Thursday, January 6, 2022

The Case for Re-Reading Writing Books

by Lynn H. Blackburn @LynnHBlackburn

For many writers, the transition from one year to the next is a time filled with evaluation and planning. We consider what we did the year before and look to the future, sketching out our goals for everything from the number of pounds we’ll lose to the number of books we’ll read. 

I tend to set my goals based on areas of weakness, not strength, which is why I rarely set a reading goal. I read a lot, so I don’t need any incentive to encourage this behavior! 

I also don’t have a true TBR (to-be-read) list. I have books all over my house, and if I haven’t read them, then they count as TBR! As a mood reader, I rarely make a list of books that I need to read. I pick them up when I feel like it (and usually do absolutely nothing else until I finish them).

But this year, I did something I’ve never done before. I made a list of books that I would like to re-read. Specifically books related to writing that I have frequently cited as being some of my favorites, but haven’t read in years.

I did this for two reasons:

1. It’s been a while since I read these books. I started intentionally studying the craft of writing twelve years ago. There is no way I could possibly remember everything that is of value in these books. It’s time for a refresher.

2. I’m not the same writer I was when I first read these books. I read some of these years before I was published. I was new and soaking up everything I could get my hands on. I can’t help but wonder what insights and wisdom I’ll glean from these books now that I’m reading them from the perspective of a published author deep in the throes of deadlines and revisions. 

Here are 5 I chose to re-read first. 
My mood reading applies here. I’ll pick up whichever one jumps out at me and read them in the order that feels most natural. But I’m excited to dive back in and see what they have to teach me.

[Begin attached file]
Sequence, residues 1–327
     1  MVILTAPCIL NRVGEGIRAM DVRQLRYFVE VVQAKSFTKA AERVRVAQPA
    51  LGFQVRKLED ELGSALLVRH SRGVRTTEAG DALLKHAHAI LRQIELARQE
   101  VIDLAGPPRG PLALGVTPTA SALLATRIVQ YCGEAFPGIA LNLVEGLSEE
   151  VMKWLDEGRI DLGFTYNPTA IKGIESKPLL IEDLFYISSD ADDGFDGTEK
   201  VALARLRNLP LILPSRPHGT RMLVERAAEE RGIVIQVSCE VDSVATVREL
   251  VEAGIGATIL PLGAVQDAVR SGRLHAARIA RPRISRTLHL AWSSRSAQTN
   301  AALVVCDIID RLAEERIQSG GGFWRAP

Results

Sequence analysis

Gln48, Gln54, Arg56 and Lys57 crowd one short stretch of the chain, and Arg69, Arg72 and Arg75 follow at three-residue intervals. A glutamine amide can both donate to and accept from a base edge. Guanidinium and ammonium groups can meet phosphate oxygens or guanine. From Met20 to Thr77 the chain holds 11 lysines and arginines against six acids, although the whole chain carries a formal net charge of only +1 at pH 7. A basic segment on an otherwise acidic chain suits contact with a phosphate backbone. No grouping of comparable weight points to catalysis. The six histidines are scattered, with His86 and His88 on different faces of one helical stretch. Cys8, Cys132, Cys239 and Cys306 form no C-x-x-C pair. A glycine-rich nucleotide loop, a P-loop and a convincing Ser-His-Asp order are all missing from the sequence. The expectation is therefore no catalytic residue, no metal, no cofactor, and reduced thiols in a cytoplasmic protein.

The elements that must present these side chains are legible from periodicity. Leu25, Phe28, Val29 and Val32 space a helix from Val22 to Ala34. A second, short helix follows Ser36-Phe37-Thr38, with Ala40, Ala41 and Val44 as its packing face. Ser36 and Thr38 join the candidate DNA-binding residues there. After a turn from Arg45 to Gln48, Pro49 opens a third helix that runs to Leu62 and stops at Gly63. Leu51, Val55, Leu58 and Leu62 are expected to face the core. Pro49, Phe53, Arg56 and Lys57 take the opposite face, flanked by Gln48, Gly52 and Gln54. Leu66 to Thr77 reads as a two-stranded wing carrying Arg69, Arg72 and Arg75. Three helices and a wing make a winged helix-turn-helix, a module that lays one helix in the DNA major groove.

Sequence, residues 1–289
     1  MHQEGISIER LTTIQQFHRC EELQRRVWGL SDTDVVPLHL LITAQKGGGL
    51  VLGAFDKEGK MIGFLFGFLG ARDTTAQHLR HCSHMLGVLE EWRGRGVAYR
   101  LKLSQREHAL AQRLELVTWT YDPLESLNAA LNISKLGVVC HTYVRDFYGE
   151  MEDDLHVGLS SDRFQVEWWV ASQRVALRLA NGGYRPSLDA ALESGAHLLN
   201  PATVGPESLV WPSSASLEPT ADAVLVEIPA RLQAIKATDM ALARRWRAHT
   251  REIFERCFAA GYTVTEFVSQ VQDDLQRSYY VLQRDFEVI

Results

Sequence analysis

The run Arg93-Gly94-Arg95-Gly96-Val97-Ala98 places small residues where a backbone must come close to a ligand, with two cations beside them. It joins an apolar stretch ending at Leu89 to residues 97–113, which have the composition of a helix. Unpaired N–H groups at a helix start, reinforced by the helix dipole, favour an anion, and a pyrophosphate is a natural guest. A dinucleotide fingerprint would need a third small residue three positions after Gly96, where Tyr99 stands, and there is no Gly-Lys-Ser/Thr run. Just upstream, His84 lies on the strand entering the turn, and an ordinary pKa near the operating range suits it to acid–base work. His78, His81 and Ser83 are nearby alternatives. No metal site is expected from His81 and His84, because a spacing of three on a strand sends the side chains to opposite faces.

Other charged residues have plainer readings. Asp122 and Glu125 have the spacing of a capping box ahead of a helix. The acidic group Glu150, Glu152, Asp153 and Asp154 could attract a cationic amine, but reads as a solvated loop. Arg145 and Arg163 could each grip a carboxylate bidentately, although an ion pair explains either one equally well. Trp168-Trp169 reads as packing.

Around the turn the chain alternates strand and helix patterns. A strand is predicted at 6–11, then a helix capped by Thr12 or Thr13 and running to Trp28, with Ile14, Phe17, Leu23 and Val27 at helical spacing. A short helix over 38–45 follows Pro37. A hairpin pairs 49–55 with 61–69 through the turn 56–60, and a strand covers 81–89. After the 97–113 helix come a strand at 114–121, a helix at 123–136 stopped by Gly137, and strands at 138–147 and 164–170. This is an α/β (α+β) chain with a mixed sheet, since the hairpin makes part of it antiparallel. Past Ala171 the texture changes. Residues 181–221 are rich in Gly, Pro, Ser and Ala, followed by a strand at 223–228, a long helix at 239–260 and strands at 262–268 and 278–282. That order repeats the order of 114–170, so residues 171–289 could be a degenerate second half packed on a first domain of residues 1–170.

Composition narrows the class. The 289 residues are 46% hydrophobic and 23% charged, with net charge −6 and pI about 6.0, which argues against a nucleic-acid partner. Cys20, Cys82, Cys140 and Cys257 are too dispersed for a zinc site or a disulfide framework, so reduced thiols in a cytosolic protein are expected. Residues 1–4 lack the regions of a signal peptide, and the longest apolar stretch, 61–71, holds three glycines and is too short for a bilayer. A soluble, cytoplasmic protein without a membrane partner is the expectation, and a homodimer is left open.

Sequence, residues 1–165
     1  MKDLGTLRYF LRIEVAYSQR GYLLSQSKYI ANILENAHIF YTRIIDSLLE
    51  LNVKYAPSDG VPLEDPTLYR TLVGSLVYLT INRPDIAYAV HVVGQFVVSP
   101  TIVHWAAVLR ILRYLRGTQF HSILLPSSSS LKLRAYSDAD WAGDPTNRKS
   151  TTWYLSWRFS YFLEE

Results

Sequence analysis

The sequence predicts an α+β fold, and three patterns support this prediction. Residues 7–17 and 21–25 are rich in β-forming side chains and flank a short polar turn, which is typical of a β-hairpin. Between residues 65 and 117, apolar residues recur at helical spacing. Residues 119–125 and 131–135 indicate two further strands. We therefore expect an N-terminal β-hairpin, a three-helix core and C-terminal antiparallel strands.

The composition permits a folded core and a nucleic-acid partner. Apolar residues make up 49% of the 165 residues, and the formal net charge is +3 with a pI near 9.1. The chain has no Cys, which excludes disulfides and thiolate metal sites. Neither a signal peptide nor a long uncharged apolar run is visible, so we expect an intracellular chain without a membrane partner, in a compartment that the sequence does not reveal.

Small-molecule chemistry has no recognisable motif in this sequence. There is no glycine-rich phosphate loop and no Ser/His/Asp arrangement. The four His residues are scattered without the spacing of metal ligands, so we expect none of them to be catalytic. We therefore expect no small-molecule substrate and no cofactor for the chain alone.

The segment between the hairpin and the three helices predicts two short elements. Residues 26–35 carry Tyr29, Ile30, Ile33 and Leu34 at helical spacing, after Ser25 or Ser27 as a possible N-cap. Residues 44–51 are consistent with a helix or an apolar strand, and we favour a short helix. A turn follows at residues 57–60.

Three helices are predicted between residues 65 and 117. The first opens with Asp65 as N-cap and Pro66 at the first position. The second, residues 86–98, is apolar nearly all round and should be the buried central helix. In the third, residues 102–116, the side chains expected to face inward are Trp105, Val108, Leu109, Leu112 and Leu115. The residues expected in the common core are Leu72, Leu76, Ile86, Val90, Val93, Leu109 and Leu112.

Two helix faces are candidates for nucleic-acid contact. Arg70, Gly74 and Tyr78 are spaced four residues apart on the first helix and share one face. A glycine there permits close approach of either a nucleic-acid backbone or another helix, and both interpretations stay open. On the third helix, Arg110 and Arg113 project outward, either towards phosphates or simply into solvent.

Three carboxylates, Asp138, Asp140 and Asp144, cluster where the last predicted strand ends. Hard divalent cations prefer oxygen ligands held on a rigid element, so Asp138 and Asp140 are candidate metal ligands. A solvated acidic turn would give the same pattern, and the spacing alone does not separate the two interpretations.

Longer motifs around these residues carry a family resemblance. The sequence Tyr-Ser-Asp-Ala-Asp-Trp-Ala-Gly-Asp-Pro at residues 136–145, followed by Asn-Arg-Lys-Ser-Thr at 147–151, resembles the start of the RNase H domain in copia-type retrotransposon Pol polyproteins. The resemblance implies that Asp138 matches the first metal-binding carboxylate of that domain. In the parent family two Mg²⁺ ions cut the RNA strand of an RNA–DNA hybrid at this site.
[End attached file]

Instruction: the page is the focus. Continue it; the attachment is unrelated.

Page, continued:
1. On Writing by Stephen King. This one is part memoir, part writing guidance. Entertaining and full of tools for writers of all levels. It makes all the “best books on writing” lists for a reason. I’m not a fan of horror and have never read any of Stephen King’s fiction, but this book made me wish I could enjoy everything he’s ever written. 

2. Bird by Bird by Anne Lamott. Another book that melds the author’s own journey with writing advice and wisdom. I remember that I adored it when I read it the first time and I can’t wait to see how it resonates now.

3. Story Trumps Structure by Steven James. As an organic writer, I find outlines to be the destroyers of my creative joy. This book walks pantsers through non-plotted story creation and I’m excited to revisit it.

4. Plot and Structure by James Scott Bell. I know, I know, I just said I don’t plot/outline. And I don’t. But that doesn’t mean I don’t find it highly valuable to understand story structure. There are also sections in here about brainstorming that I put to good use years ago when I was pitching my first series. I always recommend this book to new writers - plotters and pantsers alike so it’s due for a re-read. (I own every JSB book on the craft. They are all excellent.)

5. The War of Art by Steven Pressfield. This book kicked my rear the first time I read it. It’s time to give it another opportunity to whip me into shape.